If you are like I was, Bristol, England may not be on your family travel list. But the largest city in southwestern England should be – not only are there loads of things to do with kids, great restaurants, and the fun vibe that comes from being a university town, Bristol is an easy and inexpensive train ride from London and makes for a great weekend trip.
We started our morning in Bristol down at the harbor in the Blue Reef Aquarium, which has a nice collection of animals and a 3-D Imax show that he boys really enjoyed.
After a tear around the nearby Millennium Square, we grabbed some lunch (there are lots of restaurants of various ethnicities, so you really have your pick). I wanted to explore the harbor more, but the boys had been up at a ridiculously early hour and were spazzy and out of control like only exhausted children can be (this happened pretty frequently on this trip and tempers were definitely fraying). So Matt took the boys and headed for home while I walked around the harbor to the SS Britain.
This is a fascinating ship, revolutionary for 1843 when it launched, with a screw propeller, an iron hull, and a huge engine that allowed it to travel much faster than previous commercial vessels. It enjoyed years of travel around the globe before being retired to the Falkland Islands in the early twentieth century.
You start your visit inside an interactive museum that walks you backward through time telling the story of the SS Britain’s amazing return across the Atlantic to Bristol in the 1970s and sharing lots of information about how the ship works and who sailed on it through the years, including this chest of drawers where visitors get to match objects with the people who carried them on board. This chest of drawers was an excellent period piece and I even overheard other visitors say they fancied having antique furniture like it in their homes. Somewhere like antiquesworld.co.uk would be their best bet.
Then it’s onto the ship itself. The the dry dock that’s been created below the surface of the water to protect the bottom of the boat in a dry and stable temperature is amazing. You can walk right up to the enormous propeller
and look above you to see the water of the river.
The rest of the ship has been lovingly restored, and you can see everything from the staterooms, to the dining area, to the ship’s machinery. There are even recreations of the ship’s cargo.
In addition to visiting the SS Britain, I also enjoyed just strolling along the water. There are many interesting things to look at from these houses that looked like they belonged in the Mediterranean,
to gantry cranes,
To the Bristol Cathedral, providing a nicely contradictory backdrop to the more modern buildings directly next to the river.
The day was chilly, so after my walk, I was happy to warm up in the lovely coffee shop at the Arnolfini, a modern art center. They were changing exhibitions the day I was there, so I didn’t get to see the gallery space. I sat watching the art installments moved around, which reminded me of an old friend who’s an artist herself. She’s someone who gets excited about visiting the Charles Saatchi gallery. The gallery portraits inspired and paved her way to the world of art. It’s amazing how a cup of coffee can make you nostalgic!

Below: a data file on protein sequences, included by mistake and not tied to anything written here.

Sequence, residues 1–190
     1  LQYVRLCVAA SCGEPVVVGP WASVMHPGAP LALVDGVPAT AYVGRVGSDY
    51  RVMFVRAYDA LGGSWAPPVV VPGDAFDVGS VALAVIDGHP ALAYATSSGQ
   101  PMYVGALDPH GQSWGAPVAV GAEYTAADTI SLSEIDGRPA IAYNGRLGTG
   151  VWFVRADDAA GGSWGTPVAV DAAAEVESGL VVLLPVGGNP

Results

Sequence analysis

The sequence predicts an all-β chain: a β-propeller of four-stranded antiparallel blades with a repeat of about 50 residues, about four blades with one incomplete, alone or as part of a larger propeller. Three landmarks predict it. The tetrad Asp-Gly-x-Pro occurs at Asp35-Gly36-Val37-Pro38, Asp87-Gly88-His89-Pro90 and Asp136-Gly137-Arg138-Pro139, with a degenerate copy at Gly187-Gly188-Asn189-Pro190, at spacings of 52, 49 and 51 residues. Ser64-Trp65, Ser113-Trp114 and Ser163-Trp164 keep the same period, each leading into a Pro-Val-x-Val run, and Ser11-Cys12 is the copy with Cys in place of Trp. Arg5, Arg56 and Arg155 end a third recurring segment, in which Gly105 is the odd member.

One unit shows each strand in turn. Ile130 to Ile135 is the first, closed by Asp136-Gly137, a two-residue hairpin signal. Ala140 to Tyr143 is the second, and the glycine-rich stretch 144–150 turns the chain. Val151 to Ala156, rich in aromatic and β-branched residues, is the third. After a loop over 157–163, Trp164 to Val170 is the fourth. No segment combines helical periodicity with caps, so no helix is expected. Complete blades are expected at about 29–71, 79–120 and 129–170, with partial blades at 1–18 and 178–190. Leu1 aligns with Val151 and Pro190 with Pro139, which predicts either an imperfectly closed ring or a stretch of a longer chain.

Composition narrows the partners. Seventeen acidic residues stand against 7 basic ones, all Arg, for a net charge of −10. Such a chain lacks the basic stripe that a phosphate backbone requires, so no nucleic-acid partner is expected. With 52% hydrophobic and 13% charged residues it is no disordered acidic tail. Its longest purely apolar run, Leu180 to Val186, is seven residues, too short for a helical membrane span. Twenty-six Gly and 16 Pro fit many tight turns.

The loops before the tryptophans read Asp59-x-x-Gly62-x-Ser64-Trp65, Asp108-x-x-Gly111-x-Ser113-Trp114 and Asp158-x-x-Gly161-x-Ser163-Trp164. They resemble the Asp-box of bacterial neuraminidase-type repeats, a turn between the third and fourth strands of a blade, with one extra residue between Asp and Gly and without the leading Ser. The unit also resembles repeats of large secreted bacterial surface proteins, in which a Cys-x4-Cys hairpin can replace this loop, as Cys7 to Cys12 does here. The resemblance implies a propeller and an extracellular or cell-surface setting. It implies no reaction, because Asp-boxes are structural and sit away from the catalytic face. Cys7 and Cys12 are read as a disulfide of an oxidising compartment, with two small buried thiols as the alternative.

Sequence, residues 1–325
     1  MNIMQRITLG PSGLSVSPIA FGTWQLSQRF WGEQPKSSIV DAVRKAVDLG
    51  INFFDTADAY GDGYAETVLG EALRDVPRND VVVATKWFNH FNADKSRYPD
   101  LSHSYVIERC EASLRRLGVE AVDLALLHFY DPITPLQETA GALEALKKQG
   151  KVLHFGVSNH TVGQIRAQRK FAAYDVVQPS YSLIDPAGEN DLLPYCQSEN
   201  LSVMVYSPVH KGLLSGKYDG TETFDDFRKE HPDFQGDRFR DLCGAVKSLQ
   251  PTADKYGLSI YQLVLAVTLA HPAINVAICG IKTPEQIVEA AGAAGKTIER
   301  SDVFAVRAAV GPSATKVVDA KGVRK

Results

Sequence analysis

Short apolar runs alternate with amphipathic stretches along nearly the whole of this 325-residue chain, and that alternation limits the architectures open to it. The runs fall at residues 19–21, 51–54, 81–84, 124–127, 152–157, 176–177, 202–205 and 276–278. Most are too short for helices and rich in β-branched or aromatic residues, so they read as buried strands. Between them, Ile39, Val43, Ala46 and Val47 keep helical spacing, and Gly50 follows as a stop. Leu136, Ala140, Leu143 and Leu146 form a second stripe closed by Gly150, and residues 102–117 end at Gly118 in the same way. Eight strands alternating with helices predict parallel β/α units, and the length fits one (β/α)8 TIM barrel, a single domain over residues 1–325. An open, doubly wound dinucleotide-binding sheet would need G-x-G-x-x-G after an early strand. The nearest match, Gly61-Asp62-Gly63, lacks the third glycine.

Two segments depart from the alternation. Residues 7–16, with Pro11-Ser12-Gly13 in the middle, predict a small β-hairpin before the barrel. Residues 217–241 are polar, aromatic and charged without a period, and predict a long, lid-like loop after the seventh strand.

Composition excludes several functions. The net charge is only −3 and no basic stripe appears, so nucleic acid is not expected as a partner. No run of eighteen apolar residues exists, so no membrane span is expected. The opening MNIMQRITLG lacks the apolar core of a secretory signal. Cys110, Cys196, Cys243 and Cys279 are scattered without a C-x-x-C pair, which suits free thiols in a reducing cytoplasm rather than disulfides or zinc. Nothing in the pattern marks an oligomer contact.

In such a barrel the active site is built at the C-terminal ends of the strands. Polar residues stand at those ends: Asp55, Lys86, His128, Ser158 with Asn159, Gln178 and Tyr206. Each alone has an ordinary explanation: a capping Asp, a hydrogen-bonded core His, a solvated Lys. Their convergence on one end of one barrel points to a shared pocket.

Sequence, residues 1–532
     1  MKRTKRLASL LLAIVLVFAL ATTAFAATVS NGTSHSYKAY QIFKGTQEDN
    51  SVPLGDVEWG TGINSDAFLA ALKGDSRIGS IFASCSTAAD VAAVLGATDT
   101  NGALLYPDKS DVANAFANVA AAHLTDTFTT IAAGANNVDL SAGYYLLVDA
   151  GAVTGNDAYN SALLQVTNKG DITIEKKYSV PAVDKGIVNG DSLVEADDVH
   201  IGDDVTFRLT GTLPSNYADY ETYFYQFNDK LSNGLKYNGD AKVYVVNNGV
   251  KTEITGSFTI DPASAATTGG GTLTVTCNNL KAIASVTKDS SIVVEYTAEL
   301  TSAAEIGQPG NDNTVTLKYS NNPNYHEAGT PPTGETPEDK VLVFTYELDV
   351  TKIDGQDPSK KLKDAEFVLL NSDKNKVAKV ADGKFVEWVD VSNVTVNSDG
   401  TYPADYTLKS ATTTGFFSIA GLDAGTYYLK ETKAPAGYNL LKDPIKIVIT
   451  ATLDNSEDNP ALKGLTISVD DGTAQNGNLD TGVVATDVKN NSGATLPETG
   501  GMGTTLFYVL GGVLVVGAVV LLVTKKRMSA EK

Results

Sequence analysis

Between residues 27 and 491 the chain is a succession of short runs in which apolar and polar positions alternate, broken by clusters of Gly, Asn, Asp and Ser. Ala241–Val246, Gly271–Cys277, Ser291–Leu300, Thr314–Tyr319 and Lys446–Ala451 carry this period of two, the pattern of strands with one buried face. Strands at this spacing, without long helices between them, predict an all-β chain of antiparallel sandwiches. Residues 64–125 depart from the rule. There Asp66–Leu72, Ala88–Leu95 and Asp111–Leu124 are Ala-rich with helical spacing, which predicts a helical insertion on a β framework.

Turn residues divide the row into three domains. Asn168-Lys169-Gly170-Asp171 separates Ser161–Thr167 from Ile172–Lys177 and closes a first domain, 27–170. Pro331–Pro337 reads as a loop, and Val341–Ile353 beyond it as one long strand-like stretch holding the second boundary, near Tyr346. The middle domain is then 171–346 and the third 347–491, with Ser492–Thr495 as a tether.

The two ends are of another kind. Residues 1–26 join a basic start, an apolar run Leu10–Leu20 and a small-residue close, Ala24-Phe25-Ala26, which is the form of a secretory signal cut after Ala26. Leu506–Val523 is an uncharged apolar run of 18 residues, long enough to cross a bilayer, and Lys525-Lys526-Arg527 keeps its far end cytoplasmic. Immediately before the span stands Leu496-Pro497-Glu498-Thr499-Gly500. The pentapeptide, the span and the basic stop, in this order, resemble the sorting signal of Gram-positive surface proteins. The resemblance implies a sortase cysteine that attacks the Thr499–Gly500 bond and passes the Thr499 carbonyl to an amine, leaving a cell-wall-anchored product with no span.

While I was enjoying the SS Britain, Matt and the boys (who for some mysterious reason immediately got their second wind as soon as we parted – sigh) had a wonderful time at the Bristol Museum and Art Gallery which houses a small but interesting dinosaur exhibit. This was followed up with yummy milkshakes at Rocotillos, a diner across the street.
Bristol is a great family travel destination and a place I’d like to return to. Down at the harbor I want the boys to see the SS Britain and possibly whatever is on at the Arnolfini. A new museum called the M Shed is due to open along the harbor in June, 2011 – it will tell the story of Bristol from preshistoric times through the present. We also might try a boat trip or a visit to the planetarium in Millennium Square. Then there’s the rest of Bristol, including Clifton Village with its Georgian terraces and large suspension bridge. And there are various other city parks and museums and a very nice zoo.
But the number one reason I’d like to return to Bristol is to see Heather Cowper and her lovely family again. In fact, it’s thanks to Heather that we even ended up in Bristol – when she saw we were planning a visit to southwest England last summer, she insisted we come and stay. In addition to providing us with some fantastic itineraries, she welcomed us into her home. The boys instantly bonded with her son and daughter:
It was a nice break in the middle of a two-week trip to stay in someone’s home and of course, Heather and her husband Guy were full of great suggestions and advice about what to see and do. Heather has a wonderful travel blog called Heather on Her Travels, with loads of information about Bristol and the many other places she’s visited.
So today I’m dreaming about a return to Bristol to see the rest of the city – and to visit old friends. How about you?